Here's the First Image Sent From NASA's New Mars InSight Lander

Courtesy of NASA

In case you haven't heard, we just touched down on Mars for the first time since 2012 on Monday, and even streamed the landing. As they say in the scientific community, that's super-cool, and now that we've landed, we've got brand new pictures of the Red Planet. 

These images aren't quite Insta-worthy yet, but the cameras currently have dust covers on them, and once those come off we'll have a clearer picture. Until then, count your blessings. Science is cool, remember? 

The mission is called InSight (short for Interior Exploration using Seismic Investigations, Geodesy, and Heat Transport), and will last roughly two years, during which the lander will study Mars' seismology and internal heat to help us better understand how planets, including Earth, were formed. The mission launched all the way back on May 5, 2018 and landed around 3pm on November 26. 

As we said, the plan isn't really about taking pictures of the planet's surface, but there are two cameras that help the craft get around. These are the Instrument Deployment Camera, which takes full-color images via a mounted arm, and the Instrument Context Camera, which is mounted on the front and takes pictures of the work area. That's the camera that gave you the image above.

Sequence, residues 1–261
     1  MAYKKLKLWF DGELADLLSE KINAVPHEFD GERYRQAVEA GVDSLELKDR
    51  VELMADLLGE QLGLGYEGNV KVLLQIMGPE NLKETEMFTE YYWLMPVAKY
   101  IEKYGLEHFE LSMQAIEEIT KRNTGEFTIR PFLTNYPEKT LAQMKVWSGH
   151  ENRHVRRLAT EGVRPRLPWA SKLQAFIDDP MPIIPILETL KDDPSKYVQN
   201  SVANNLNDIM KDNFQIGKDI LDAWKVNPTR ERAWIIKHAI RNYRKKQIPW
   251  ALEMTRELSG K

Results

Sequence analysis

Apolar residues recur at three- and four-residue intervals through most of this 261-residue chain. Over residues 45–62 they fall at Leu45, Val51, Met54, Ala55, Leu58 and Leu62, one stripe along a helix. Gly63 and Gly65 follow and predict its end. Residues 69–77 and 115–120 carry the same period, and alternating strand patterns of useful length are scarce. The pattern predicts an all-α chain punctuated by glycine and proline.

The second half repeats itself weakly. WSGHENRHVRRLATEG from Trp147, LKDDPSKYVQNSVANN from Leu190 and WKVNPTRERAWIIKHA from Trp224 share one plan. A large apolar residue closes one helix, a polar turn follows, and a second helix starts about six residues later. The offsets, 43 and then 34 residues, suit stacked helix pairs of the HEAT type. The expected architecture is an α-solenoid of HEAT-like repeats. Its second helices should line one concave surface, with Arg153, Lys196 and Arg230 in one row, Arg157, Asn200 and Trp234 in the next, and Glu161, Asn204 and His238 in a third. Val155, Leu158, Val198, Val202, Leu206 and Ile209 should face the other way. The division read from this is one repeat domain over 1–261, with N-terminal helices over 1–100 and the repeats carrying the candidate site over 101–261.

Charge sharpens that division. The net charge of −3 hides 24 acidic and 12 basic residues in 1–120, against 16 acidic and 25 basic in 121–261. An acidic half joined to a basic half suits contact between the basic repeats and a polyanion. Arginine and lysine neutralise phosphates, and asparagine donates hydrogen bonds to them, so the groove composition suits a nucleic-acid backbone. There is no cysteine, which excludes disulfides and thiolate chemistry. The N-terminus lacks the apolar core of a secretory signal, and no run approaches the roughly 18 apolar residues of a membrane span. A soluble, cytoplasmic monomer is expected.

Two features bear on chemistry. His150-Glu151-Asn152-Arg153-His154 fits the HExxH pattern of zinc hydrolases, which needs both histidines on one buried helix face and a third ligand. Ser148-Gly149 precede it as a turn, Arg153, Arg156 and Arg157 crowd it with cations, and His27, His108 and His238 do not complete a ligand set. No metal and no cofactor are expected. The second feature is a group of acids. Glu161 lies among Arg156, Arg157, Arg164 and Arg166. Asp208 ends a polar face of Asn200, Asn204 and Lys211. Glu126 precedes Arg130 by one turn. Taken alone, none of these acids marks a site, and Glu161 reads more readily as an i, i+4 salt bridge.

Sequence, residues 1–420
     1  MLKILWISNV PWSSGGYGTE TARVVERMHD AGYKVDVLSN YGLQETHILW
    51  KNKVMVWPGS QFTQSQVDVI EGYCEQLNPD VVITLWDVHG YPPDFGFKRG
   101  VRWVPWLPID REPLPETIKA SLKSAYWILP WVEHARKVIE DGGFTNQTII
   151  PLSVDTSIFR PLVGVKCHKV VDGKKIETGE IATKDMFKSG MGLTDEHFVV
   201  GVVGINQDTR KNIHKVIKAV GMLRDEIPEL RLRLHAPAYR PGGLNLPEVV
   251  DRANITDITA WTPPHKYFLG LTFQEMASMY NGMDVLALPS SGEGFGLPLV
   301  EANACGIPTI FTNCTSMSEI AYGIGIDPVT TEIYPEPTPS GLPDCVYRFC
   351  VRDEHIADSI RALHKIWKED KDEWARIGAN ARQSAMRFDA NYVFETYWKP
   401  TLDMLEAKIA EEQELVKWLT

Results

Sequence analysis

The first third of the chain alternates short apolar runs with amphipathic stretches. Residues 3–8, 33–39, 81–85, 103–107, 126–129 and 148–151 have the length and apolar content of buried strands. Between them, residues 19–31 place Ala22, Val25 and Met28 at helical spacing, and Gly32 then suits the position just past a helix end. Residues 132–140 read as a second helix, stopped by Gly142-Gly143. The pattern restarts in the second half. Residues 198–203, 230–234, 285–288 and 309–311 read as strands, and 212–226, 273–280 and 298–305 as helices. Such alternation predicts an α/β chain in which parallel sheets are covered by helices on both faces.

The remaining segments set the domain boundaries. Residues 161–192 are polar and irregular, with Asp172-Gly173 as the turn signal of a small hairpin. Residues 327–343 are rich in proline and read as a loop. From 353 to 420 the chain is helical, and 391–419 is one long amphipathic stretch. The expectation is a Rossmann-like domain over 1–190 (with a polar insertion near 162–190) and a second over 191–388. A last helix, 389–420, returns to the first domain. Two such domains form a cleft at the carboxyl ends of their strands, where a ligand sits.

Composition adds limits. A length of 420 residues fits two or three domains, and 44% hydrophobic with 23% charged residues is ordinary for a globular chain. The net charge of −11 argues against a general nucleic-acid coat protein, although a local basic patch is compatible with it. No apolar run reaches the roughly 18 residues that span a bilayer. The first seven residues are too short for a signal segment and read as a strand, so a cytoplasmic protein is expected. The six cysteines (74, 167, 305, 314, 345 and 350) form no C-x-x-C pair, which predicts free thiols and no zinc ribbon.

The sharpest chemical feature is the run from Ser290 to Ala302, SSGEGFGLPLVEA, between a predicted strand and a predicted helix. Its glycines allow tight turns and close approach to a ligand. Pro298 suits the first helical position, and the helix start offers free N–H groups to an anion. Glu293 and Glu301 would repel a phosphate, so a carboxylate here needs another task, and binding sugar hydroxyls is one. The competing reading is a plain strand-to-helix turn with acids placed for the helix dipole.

Here's a version that's slightly cleaned up, via @JPMajor, "edited to remove the distracting debris from the lens cover and some barrel distortion. For aesthetic enjoyment only."

See? Science is cool.

Update: NASA has released another image, this one from the Instrument Deployment Camera and apparently a selfie.

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James Chrisman is a News Writer at Thrillist. Send news tips to and follow him on Twitter @james_chrisman2.